He disclosed that following the effect of the flood, the Federal Government had designated Delta as National Disaster Zone with three other states.

According to him, the Federal Government will not only contribute to the welfare of the flood victims while they are at the holding camps, it would   work to properly resettle them in their communities after the flood must have receded.

Our prayers, by Okowa 

Okowa, who accompanied the Vice President on visits to impacted communities, observed that the state was bracing up for more impact of the flood as water in the affected states would pass through Delta to empty into the Atlantic Ocean.

He stated: “Though we are aware that property, farm produce have been destroyed, our major concern is to save life. We are aware that the coming days may be more challenging as the flood is expected to rise, but our people are prepared to ensure that Deltans are not left at the impacted communities; we are praying that the flood recedes fast for our people to return to their normal life.”

What Delta did after 2012 flood 

After the devastating 2012 flood, the state government under former Governor Emmanuel Uduaghan inaugurated a Flood Committee, headed by a former Vice Chancellor of Delta State University, Abraka, which presented a technical report to government, January 28, 2013.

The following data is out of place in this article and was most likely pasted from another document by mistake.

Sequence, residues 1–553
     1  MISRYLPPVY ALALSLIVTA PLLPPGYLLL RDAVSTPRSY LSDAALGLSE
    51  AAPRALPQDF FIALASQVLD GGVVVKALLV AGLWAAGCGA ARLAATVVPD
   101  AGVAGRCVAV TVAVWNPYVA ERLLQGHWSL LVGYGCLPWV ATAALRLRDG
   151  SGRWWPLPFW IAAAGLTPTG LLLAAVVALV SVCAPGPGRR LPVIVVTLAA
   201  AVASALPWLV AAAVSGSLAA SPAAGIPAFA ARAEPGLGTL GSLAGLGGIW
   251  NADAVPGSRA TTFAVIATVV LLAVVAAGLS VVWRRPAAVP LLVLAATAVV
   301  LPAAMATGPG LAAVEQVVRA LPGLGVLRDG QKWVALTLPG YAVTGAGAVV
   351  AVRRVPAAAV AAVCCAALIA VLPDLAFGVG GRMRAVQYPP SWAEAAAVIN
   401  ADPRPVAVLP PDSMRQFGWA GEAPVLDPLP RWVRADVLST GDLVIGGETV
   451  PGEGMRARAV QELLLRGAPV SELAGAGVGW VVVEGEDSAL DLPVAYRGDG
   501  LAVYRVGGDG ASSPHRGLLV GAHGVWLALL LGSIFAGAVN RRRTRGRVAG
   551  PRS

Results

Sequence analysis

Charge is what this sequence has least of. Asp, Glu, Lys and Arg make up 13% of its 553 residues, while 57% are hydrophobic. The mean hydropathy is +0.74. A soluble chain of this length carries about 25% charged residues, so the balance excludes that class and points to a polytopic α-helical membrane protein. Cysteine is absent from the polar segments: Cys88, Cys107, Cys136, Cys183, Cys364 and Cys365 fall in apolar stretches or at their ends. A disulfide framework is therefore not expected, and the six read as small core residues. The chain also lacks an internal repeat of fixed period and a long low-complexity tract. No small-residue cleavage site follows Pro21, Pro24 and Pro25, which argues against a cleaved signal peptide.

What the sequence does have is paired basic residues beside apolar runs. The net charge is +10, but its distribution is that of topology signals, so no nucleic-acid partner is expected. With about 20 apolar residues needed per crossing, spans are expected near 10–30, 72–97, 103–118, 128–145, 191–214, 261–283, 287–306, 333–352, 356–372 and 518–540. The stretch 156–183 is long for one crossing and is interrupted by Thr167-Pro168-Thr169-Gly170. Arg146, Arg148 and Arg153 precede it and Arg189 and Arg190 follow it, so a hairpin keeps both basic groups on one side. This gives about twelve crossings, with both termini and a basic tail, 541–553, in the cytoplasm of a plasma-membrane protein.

Executive summary of the report showed that 231 communities were affected by the flood, while farm lands and poultry farms, numbering over 500,000, were displaced and wiped out.

In terms of costs, the fish farms destroyed totalled N3.1 billion and the final figures were yet to be arrived at, especially, as most of the estimates were for the period of the flooding season.

It   estimated that   some 831 block houses were affected, 599 houses belonging to the people on the lower rung of the socio-economic ladder suffered while some 433 market stalls were damaged.

According to the report, the total impact of the flood in Delta came to N9.6 billion.

Recommendations 

Long- term recommendations included the cleaning and fumigation of affected communities and homes, provision of clean water and sanitation across the state, and dredging of Rivers Niger and Benue.

The report advised against the use of the flood plains for both agricultural production and residential buildings in the future to avoid what happened in 2012 flooding disaster.

It said it was impossible to stop flooding in any part of the world but accurate predictions could help people relocate from the flood-prone areas of the state.

Findings by Sunday Vanguard showed that the state government carried out cleaning and fumigation in some affected communities, but there is no evidence of clean water and substantial adherence sanitation across the state.

It was not clear whether Rivers Niger and Benue were dredged and if the Federal Government liaised with other countries for the purpose, but there was early warning from relevant agency about the flood, but, as usual, not many paid heed to it until havoc was wreaked.